The woman behind some of the biggest scandals in America is about to become a TV show. ABC’s Scandal chronicles the adventures of Olivia Pope (Kerry Washington) as she pulls political, corporate, and celebrity clients out of hot water. Premiering April 5, the show is the latest from Shonda Rhimes and Betsy Beers, the Emmy-winning executive producers of Grey’s Anatomy and Private Practice.
The inspiration for Scandal is Judy Smith, one of the nation’s top crisis managers, who has guided the likes of President George H.W. Bush, NFL quarterback Michael Vick, Monica Lewinsky, injured Enron parties, and the Kingdom of Saudi Arabia through times of trouble.
Lest you think you have to be a head of state or sleeping with one to engage her services, Smith has distilled her 25 years of experience into a practical advice book for folks from all business levels wanting to avoid or recover from public or private crises. Good Self, Bad Self: Transforming Your Worst Qualities into Your Biggest Assets (Free Press/Simon & Schuster) outlines seven shared character traits—ego, denial, fear, ambition, accommodation, patience, and indulgence—that lead to trouble when out of balance, and how to recalibrate them when they do.
Smith’s approach blends an unusual combination of business practicality, political savvy, legal prowess, psychology, dry humor, intuition, and Zen mastery. Her main requirement for clients: Own your stuff.
“Most people somehow look at people in the crisis industry as fixers, but some things can’t be fixed by an outside person,” Smith tells Co.Create. “There has to be some honest discussion and owning your mistake. There’s always an opportunity with crisis. Just as it forces an individual to look inside himself, it forces a company to reexamine its policies and practices.”
While maintaining an overall message of redemption, crisis recovery has to be niche-targeted to different audiences affected or angered by the missteps. “My theory on an existing crisis is that you have to be very strategic about each case’s unique elements,” she says. “If a crisis involves a legal component, you need a communication strategy that complements the company’s legal objective. A strategy for a plea deal is different than a case going to trial. The interests of shareholders are different than those of the general public.”
Smith’s background includes a combination of corporate communications, law, and politics. She served as an attorney in the Office of the Independent Counsel, where she worked on the Iran-Contra prosecution of Oliver North; prosecutor at the U.S. Attorney’s Office in Washington, D.C., where she was involved in the prosecution of then-D.C. Mayor Marion Barry for drug possession; and as White House deputy press secretary for George H.W. Bush, before setting up her own D.C.-based crisis management firm, Smith & Company. She’s also counseled Fortune 500 companies, the Haitian, Zimbabwean, and Saudi Arabian governments, NBA player Kobe Bryant, and the United Nations Foundation’s and World Health Organization’s response to the SARS epidemic.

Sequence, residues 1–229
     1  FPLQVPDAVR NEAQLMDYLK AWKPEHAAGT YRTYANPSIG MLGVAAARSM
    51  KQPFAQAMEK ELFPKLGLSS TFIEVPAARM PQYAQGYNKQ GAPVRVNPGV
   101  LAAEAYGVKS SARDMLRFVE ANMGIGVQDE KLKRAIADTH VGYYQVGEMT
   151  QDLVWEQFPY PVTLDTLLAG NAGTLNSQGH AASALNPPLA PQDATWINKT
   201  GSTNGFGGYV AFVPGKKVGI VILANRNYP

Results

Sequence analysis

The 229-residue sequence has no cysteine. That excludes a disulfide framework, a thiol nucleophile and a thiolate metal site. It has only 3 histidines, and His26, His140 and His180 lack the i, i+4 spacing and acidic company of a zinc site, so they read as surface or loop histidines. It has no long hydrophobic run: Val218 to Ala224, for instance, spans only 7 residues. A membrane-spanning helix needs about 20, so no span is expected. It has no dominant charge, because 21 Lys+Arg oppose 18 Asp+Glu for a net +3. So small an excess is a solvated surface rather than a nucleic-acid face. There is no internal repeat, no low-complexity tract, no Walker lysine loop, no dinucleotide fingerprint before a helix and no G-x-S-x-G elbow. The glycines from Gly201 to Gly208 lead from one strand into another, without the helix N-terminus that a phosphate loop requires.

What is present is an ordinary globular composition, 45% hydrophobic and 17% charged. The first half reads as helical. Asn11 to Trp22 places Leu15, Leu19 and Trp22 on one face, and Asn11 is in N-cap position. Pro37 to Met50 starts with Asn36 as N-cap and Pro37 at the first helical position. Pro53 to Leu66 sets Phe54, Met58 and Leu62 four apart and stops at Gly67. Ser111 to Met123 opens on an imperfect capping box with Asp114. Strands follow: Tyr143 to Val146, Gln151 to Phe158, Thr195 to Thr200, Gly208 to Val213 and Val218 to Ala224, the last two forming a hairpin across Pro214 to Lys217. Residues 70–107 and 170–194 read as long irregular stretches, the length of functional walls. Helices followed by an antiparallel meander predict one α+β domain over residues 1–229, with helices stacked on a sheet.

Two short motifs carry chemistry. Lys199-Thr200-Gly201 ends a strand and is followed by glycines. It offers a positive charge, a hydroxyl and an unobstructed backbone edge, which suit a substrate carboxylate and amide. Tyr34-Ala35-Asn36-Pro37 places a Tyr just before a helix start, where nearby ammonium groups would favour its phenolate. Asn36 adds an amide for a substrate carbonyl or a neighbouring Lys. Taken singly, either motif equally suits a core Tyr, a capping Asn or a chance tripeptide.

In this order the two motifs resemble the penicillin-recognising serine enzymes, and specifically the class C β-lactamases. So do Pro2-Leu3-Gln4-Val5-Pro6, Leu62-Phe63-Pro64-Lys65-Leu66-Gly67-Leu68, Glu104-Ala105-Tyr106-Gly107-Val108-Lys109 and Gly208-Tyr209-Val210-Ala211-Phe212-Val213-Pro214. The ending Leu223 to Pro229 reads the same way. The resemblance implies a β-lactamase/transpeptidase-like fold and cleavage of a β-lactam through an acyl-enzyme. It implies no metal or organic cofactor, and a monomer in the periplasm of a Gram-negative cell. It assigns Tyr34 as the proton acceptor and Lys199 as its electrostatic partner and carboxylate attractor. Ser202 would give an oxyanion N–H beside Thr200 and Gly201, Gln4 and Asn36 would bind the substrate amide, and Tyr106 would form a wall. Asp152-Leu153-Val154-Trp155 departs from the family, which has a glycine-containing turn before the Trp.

With all this, it shouldn’t have come as a surprise that a 15-minute meeting that Smith’s book agent arranged with TV producers Rhimes and Beers stretched to three hours, followed by another 18 months of fleshing out stories for a series.
“We didn’t take actual cases that Judy has worked on because she’s very loyal to her clients and and keeps their confidentiality,” Rhimes said during a Television Critics Association press conference earlier this year. "But I would call her up and say, 'What if I have this conservative soldier who is secretly gay who just won a Congressional Medal of Honor? What would you do in this instance?' Then she would tell me, 'Here’s how I would solve this problem.' It got to be really fun because you could call her up and say, 'A madam’s been arrested, and she’s got a client list. What would you do?' And then Judy tells us how you solve the problem. And that’s been a fascinating and amazing resource for us.”
For her part, Smith is just as tickled by the ride. “It’s been a humbling experience,” she says. “I’ve been doing this for 25 years, and crisis is in my DNA. I love what I do, and to be able to see a show that is inspired by my life’s work is exciting, because it exposes people to what a crisis manager does. You never know what the day will bring. At 10, I could be working on a corporate product recall; at noon, a class-action lawsuit; and by 4, a CEO resignation. It really is a 24/7 kind of job.”
And now, advice on a scandal, from Judy Smith
Entrepreneurs are just as prone to crises as corporations. Here are a few general steps that individuals and businesses can take to avoid a crisis, and successfully emerge from one.
1) Acknowledge your weaknesses Carefully weigh getting involved in things in which you lack expertise.
2) Know your industry’s weaknesses Certain crises are likely to happen in given industries—like recalls for consumer products. Prepare an advance game plan and a solid execution strategy for these potential mishaps.
3) Maintain good internal communication Some issues and problems can be sorted out before they reach a crisis level.
4) Have a plan of attack If you or your company fall into a crisis, own up to your issues and face the reality of your situation, be honest and transparent, act decisively to begin to remedy the situation, and have in place a strategy to rehabilitate the brand.